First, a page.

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Midsummer Magic (Magic Trilogy Book 1) [Kindle Edition]

Catherine Coulter
3.3 out of 5 stars  See all reviews (46 customer reviews)

Print List Price: $7.99
Kindle Price: $5.99
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Sold by: Penguin Group (USA) LLC

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Book Description

First in the Magic Trilogy.

A clever, beautiful woman disguises herself as a mousy Scottish lass to keep the notoriously rakish Earl of Rothermere from marrying her, only to find she was chosen for that very reason. After the earl discards her, she sheds her dowdy facade to become London society's brightest star—rousing the ire and igniting the passions of her faithless husband. 

Books In This Series (3 Books)
Complete Series

  • Editorial Reviews

    From Library Journal

    Good beach reading, Coulter's 1987 historical romance finds the beauteous and brainy Frances Kilbracken forced into marriage with the roguish Hawk (yes, I did say, Hawk). After fulfilling his conquest of Frances, Hawk abandons her and is smitten by a mystery woman, who actually is guess who?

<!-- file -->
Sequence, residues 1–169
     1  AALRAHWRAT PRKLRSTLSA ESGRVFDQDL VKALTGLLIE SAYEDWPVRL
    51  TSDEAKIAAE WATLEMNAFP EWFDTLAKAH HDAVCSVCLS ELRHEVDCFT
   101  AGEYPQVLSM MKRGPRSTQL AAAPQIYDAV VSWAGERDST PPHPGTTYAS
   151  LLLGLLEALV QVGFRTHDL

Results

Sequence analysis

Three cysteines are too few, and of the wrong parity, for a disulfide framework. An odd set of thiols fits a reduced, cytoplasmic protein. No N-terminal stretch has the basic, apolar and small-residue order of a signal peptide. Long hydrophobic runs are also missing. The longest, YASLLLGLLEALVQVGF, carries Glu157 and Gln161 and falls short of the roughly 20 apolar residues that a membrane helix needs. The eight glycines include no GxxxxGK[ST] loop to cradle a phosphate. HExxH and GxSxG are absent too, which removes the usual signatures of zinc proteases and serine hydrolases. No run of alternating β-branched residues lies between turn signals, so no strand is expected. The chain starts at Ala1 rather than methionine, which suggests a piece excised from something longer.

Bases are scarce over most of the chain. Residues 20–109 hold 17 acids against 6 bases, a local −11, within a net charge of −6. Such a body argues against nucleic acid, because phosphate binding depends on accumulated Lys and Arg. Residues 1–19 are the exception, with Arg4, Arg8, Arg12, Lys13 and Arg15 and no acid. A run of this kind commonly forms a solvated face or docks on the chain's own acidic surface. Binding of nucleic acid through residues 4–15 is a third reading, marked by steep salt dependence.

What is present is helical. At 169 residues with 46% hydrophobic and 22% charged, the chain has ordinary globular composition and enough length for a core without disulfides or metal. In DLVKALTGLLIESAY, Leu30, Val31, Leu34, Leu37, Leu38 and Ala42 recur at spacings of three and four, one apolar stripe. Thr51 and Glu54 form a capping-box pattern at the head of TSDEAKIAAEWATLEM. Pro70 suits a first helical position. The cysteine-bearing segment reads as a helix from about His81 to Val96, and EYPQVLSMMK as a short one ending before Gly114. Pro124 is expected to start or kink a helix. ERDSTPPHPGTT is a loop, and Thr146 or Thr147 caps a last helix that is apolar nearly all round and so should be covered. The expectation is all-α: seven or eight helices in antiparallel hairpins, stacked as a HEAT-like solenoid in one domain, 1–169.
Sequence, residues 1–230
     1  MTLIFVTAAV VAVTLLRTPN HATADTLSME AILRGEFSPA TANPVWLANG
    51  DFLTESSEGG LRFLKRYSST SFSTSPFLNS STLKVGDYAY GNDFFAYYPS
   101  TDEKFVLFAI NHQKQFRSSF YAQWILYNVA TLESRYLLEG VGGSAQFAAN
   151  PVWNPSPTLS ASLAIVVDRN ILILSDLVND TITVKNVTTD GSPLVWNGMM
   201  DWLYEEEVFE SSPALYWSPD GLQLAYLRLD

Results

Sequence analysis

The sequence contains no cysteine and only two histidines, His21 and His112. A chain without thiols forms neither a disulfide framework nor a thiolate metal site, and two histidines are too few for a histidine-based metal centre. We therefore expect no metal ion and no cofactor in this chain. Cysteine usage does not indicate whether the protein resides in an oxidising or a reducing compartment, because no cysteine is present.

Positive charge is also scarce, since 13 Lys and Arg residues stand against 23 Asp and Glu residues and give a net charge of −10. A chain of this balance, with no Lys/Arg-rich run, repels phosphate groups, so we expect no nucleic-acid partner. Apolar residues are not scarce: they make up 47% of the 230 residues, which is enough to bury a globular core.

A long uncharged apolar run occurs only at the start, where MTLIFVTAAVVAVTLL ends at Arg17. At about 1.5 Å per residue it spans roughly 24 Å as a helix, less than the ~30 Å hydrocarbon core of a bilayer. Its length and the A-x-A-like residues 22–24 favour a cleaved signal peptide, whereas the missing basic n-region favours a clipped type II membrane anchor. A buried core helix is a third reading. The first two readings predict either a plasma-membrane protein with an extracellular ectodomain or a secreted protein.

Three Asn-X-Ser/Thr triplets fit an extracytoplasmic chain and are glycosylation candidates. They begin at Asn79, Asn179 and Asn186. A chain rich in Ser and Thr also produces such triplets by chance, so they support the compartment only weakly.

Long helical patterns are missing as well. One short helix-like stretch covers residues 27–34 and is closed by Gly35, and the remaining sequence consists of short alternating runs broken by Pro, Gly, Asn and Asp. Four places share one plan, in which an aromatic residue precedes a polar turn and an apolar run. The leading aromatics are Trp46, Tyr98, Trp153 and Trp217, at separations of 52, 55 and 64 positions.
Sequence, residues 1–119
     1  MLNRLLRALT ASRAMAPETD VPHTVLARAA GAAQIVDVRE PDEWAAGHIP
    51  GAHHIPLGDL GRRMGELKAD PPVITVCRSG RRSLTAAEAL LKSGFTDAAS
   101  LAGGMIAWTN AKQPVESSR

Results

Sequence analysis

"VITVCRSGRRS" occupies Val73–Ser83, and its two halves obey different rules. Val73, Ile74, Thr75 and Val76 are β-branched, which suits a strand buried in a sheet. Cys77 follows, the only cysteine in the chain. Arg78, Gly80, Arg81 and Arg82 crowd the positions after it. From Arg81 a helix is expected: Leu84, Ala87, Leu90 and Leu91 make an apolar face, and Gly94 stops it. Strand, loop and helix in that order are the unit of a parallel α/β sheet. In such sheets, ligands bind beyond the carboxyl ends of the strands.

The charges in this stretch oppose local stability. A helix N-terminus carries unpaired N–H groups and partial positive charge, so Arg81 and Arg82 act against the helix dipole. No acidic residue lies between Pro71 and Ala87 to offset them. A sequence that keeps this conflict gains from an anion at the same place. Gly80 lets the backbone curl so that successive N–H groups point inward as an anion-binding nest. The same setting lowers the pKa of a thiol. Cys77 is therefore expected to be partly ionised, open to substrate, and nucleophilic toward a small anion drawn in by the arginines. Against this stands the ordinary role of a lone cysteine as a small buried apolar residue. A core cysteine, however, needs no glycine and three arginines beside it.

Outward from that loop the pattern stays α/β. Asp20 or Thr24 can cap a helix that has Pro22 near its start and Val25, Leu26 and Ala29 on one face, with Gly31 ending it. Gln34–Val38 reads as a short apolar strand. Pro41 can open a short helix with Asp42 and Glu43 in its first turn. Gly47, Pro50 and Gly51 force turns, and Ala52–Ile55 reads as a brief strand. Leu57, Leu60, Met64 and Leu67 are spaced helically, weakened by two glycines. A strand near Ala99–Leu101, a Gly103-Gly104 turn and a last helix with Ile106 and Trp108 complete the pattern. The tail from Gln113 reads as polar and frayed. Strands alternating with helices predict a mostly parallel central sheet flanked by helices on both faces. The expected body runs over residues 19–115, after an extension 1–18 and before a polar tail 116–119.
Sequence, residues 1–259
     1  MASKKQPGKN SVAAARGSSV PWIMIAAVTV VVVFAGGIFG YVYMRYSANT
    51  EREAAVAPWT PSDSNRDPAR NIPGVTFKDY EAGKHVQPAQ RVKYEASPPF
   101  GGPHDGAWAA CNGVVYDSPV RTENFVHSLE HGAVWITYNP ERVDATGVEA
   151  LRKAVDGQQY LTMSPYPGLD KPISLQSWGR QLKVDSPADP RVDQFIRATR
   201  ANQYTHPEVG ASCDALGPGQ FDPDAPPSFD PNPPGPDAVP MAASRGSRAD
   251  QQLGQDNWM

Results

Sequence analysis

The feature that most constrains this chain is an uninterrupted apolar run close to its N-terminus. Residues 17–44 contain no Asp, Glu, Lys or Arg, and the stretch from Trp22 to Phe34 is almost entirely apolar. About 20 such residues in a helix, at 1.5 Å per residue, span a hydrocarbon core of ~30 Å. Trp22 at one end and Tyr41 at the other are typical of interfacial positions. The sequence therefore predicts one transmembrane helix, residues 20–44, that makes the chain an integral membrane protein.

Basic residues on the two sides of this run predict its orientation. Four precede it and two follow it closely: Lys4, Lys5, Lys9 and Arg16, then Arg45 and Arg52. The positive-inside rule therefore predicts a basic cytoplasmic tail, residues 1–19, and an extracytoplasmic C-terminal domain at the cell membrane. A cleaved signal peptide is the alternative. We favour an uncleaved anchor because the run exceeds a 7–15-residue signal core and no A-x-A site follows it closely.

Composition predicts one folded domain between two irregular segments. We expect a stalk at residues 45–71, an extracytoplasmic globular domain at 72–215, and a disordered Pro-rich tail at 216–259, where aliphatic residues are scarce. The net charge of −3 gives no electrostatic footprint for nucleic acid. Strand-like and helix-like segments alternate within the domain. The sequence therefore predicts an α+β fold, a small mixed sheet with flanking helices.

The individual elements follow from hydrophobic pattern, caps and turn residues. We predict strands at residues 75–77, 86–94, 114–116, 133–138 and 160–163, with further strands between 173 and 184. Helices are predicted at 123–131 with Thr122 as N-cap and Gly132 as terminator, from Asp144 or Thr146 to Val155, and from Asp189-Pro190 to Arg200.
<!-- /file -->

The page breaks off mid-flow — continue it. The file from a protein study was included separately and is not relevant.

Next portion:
Copyright 2000 Reed Business Information, Inc.


    "Her plots are like rich desserts - sinfully delicious and hard to pass up." - Atlanta Constitution
    "Catherine Coulter romances readers." - Colorado Springs Gazette Telegraph

    “A good storyteller…Coulter always keeps the pace brisk.”—Fort Worth Star-Telegram

    “Ms. Coulter is a one-of-a-kind author who knows how to hook her readers and keep them coming back for more.”—The Best Reviews

    “Coulter is excellent at portraying the romantic tension between her heroes and heroines, and she manages to write explicitly but beautifully about sex as well as love.”—Milwaukee Journal

    “Coulter instinctively feeds our desire to believe in knights in shining armor and everlasting love—historical romance at its finest.”—

    “One of the genre’s great storytellers.”—Kansas City Star

    “One of the masters of the genre.”—The Newark Star-Ledger

    “Catherine Coulter is one of the best authors of exciting thrillers writing today.”—Midwest Book Review

    Product Details

    • File Size: 808 KB
    • Print Length: 416 pages
    • Publisher: Signet (July 1, 2003)
    • Sold by: Penguin Group (USA) LLC
    • Language: English
    • ASIN: B004G8Q178
    • Text-to-Speech: Enabled
    • X-Ray:
    • Word Wise: Enabled
    • Lending: Not Enabled
    • Amazon Best Sellers Rank: #56,973 Paid in Kindle Store (See Top 100 Paid in Kindle Store)
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    Customer Reviews

    3.3 out of 5 stars